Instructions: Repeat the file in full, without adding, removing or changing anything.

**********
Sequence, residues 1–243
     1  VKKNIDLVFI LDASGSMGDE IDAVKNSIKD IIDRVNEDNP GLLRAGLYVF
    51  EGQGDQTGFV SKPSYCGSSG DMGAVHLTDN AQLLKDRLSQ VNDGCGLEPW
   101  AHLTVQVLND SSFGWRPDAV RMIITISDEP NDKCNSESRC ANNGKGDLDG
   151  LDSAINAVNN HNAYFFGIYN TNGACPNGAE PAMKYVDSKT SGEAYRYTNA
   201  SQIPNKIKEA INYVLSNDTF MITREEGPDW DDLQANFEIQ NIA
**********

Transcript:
Sequence, residues 1–243
     1  VKKNIDLVFI LDASGSMGDE IDAVKNSIKD IIDRVNEDNP GLLRAGLYVF
    51  EGQGDQTGFV SKPSYCGSSG DMGAVHLTDN AQLLKDRLSQ VNDGCGLEPW
   101  AHLTVQVLND SSFGWRPDAV RMIITISDEP NDKCNSESRC ANNGKGDLDG
   151  LDSAINAVNN HNAYFFGIYN TNGACPNGAE PAMKYVDSKT SGEAYRYTNA
   201  SQIPNKIKEA INYVLSNDTF MITREEGPDW DDLQANFEIQ NIA